The comprehensive economic and trade agreement between the European Union and Canada (CETA) means actual new opportunities for Romania to exceed the borders of Europe thanks to an almost full repeal of all commercial fees, Chairman of Romania’s Chamber of Commerce and Industry (CCIR) Mihai Daraban told a conference on CETA jointly organised with the Canadian Embassy in Bucharest on Tuesday.
“We, overall, cannot but be favoured by this CETA agreement, given our economic makeup. It virtually opens to us other worldwide opportunities, because Romania’s big problem is it has remained captive to the European Union, some forward processors for the big European economy. I believe we should have the courage to get beyond the EU borders in terms of commerce, and this agreement virtually opens to us an unexpected opportunity. (…) We are anyhow a bit slow when it comes to being conquerors, even beyond Romania’s borders, but particularly beyond the EU borders,” said Daraban.
He added that with CETA coming into effect, 98 percent of tariff barriers will be repealed as well as 93 percent or rates and taxes on agri-food products.
“At the same time, the agreement will mean easier acknowledgment of the professional skills of Romanian employees, as well as participation in the biddings on the Canadian market,” said Daraban.
He went on to say that the current agricultural exchanges with Canada generate 6.5 million euros a year in Romania’s foreign trade revenues.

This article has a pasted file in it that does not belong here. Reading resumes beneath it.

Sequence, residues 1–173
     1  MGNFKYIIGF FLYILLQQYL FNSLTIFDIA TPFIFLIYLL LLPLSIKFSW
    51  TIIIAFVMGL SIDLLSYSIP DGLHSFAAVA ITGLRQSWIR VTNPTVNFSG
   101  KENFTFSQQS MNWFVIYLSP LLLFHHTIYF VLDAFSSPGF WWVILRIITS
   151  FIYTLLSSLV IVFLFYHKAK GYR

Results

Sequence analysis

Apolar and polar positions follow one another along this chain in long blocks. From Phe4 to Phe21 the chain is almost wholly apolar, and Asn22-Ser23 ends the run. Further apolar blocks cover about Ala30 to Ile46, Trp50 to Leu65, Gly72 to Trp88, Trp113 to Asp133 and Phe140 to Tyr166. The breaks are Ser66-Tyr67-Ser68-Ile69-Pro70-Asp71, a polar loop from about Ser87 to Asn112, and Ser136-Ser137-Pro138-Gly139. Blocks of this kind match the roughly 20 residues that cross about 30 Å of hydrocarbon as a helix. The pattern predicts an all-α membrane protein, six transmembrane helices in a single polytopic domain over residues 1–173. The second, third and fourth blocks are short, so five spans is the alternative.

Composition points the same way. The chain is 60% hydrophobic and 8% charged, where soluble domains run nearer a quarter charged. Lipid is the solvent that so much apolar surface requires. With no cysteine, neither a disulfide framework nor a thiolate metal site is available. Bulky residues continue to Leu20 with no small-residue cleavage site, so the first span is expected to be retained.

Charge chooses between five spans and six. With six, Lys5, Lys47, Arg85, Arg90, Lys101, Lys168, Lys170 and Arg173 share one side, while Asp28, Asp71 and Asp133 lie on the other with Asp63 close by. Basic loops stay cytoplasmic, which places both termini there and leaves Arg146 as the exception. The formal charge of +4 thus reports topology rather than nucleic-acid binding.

“This is somehow weak, we must say, but our garniture is undergoing adjustments, redefining, recalibrating land property. As you may well know, farmland mapping is still ongoing. This is still quite a slow process. But we have to believe in agriculture, because it is there that our potential lies. Last but not least, the 2008-2012 economic crisis witnessed a boom in Romania’s cereals storage capacity. In the Constanta Port alone, the capacity increased from about 200,000 tonnes to 1 million tonnes, which is pretty clear. Further potential exists, but it all depends on us after all. These international agreements get us rid if tariff, customs barriers, but we would not expect anyone to draw us production,” said Daraban.
Asked where it is more profitable for Romanian business people to export – the European Union or Canada – Daraban said, “Money talks. There is where in the end is more profitable.”
”I believe that in the end services exportation, particularly to far away areas, will count for more than the product in itself. Products are subjected to costs incurred by distance. I believe services will have their own place, especially as far as doing business outside the European Union and Europe as a continent goes,” added Daraban.
The CCIR senior official added that the agreement will come into force in some weeks’ time after being ratified by each national parliament of the European Union’s 27 member states as well as by the Canadian Government.
He mentioned that, under the agreement, Romanian nationals will be allowed to travel visa free to Canada as from December 1, 2017.